> layer on top of it. The first batch there was, but I also left all
          > the pulp and apple parts in there to ferment too. I was also using
          > simple bakers yeast. So to make a long story longer, does my 4th
          > attempt so far sound right or am I way off the mark? 

           I would look up yeast nutrients, pH levels, read about fermentation, and taste it.  If its dry and acidic its ok - if its sweet its not done.  Also read about Hydrometers and testing levels of sugar in your fermentation.

          Any advice,
          > help, encouragement, anything would be extreemly appriciated. Also,
          > where I live the home distillation of any alcohol is not held in the
          > highest respect by law enforcment. But thus far all that I have
          > learned and tried, have been an absolutly great and fun time, and I
          > have no intention of selling my hobby or trying to capitalize from it
          > in any way, I just find it extreemly fulfilling to make something
          > like this my self and be able to enjoy doing it. Thanks.
          >
          Keep the faith, Read, Read and READ and ask questions.... :)

          Jim.

        • jasonrbaze
          Thanks Mason and Jim, I hadn t read your replies until just now. I am kind of new to the forum process. Anyway I just finished running off the mash I was
          Message 4 of 5 , Jul 2, 2008
            Thanks Mason and Jim, I hadn't read your replies until just now. I am
            kind of new to the forum process. Anyway I just finished running off
            the mash I was talking about in my previous post. I have been reading
            a ton of info at the web site and from a CD rom I got from e-bay also
            a book I bought simply called "Moonshine". Again, anyhow, I collected
            the first 1.5 ounces from the still considering I was only running
            off 4.5 liters, and threw that out, it did have a very harsh and
            almost over whelming smell. My thermometer is accurate, but the
            spirit doesn't begin to flow until about 189 degrees F. However I
            still tossed out the first 1.5 ounces or so, and collected the heads
            and middle, and just got rid of the tails. I was very suprised at the
            amount, I collected in total 24 ounces! I sampled a very small amount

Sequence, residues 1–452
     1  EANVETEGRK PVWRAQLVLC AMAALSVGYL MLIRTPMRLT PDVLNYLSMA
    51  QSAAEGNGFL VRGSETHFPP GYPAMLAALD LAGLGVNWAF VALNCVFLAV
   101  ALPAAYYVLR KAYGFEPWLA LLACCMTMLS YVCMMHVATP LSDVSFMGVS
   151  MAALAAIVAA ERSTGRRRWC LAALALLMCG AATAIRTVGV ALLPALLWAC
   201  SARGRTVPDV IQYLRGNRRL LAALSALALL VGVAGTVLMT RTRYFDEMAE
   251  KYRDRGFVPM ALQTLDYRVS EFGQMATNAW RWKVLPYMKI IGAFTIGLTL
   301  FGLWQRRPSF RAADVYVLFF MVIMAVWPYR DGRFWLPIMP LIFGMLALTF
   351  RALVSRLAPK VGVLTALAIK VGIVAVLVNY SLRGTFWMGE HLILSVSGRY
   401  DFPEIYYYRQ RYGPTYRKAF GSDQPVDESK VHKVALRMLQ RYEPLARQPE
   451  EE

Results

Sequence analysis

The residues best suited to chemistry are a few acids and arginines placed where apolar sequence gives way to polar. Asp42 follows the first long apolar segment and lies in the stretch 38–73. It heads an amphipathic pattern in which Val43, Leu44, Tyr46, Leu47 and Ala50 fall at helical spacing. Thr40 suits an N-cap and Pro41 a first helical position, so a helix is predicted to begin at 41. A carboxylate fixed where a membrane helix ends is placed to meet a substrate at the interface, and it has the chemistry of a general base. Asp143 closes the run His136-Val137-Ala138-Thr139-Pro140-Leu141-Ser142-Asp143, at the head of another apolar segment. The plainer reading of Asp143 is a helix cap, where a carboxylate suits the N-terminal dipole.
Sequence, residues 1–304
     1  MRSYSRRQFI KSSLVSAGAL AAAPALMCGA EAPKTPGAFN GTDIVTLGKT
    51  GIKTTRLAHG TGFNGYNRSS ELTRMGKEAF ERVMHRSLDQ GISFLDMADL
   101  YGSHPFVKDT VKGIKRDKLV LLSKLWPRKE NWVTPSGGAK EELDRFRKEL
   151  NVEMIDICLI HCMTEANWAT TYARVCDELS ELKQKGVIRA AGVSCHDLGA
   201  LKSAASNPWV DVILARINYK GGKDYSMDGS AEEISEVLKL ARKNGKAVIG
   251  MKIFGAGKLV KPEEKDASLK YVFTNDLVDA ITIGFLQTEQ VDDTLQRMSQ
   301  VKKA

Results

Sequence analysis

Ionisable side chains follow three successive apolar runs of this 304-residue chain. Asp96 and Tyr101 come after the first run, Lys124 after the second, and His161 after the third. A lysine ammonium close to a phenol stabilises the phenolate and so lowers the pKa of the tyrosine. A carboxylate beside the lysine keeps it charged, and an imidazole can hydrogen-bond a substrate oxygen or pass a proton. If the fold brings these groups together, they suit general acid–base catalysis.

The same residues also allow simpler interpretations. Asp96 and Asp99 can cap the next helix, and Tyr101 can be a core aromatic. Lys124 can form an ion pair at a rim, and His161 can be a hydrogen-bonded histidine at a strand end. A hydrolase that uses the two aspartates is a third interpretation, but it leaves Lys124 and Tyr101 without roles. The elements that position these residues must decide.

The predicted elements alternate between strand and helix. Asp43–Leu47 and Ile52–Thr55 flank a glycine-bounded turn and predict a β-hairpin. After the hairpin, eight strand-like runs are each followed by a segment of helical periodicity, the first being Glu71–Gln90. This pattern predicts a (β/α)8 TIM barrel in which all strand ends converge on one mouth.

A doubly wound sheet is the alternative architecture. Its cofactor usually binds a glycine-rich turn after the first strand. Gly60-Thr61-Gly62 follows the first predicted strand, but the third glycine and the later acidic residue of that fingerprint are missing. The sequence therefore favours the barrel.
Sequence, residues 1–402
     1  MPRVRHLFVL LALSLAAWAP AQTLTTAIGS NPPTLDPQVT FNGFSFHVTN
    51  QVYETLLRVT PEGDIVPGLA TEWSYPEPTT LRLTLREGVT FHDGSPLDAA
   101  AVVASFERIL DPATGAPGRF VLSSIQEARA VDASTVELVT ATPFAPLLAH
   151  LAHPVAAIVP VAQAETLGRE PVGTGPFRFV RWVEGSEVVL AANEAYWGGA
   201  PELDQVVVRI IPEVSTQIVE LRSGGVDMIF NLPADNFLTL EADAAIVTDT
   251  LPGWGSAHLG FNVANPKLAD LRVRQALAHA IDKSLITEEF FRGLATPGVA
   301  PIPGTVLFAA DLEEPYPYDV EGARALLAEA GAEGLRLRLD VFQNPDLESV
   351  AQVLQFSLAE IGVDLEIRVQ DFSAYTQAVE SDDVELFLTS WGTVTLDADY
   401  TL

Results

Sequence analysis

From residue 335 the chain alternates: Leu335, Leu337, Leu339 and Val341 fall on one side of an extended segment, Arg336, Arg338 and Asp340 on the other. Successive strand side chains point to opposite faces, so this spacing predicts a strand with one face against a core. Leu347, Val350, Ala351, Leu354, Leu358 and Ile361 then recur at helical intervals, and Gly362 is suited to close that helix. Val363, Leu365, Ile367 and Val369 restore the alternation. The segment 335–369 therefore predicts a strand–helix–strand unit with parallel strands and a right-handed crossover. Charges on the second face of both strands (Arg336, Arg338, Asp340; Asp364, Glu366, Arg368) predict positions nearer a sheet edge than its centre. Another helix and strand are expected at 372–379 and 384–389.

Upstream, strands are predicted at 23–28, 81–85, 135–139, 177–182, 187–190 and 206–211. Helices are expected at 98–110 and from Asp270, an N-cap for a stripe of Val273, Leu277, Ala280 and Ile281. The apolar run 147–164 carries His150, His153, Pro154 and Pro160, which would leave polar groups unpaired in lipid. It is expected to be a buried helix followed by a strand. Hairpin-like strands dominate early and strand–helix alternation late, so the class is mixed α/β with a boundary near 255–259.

and really was suprised at the flavor, very fruity, yet strong. I
            checked it with my alcometer and it showed 53% abv. I again sampled
            some after carbon filtering, and with some apple juice and sugar and
            I must say it was very fine. I have the hydrometer but didn't take a
            reading off of that mash first, so I was shooting in the dark. I
            started another mash yesterday this time using store bought
            unsweetend apple juice and then added sugar. Before pitching the
            yeast, the hydrometer reading was 1.140. So we shall see. When I get
            this figured out alittle more I will make a little larger batches.
            Thank you for you replies, and I'm sure you will be hearing more from
            me very soon, however I am going to change my user name to something
            more up this alley! Thanks.
          • rye_junkie1
            ... wrote: . I ... Are you sure about the 1.040? What was the total volume and amount of sugar? Thats a really high starting gravity. If its correct then I
            Message 5 of 5 , Jul 2, 2008
              --- In new_distillers@yahoogroups.com, "jasonrbaze" <jasonrbaze@...>
              wrote:
              . I
              > started another mash yesterday this time using store bought
              > unsweetend apple juice and then added sugar. Before pitching the
              > yeast, the hydrometer reading was 1.140. So we shall see. When I get
              > this figured out alittle more I will make a little larger batches.
              > Thank you for you replies, and I'm sure you will be hearing more from
              > me very soon, however I am going to change my user name to something
              > more up this alley! Thanks.
              >
              Are you sure about the 1.040? What was the total volume and amount of
              sugar? Thats a really high starting gravity. If its correct then I
              hope you used a good HIGH GRAVITY yeast like EC1118. That gravity
              comes out to about 18% potential.

              Mason